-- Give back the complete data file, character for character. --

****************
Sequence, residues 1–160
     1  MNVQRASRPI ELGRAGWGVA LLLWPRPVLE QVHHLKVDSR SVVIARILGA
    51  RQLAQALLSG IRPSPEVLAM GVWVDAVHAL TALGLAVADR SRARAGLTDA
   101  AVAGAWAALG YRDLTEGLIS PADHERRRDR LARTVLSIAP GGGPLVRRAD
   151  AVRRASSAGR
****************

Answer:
Sequence, residues 1–160
     1  MNVQRASRPI ELGRAGWGVA LLLWPRPVLE QVHHLKVDSR SVVIARILGA
    51  RQLAQALLSG IRPSPEVLAM GVWVDAVHAL TALGLAVADR SRARAGLTDA
   101  AVAGAWAALG YRDLTEGLIS PADHERRRDR LARTVLSIAP GGGPLVRRAD
   151  AVRRASSAGR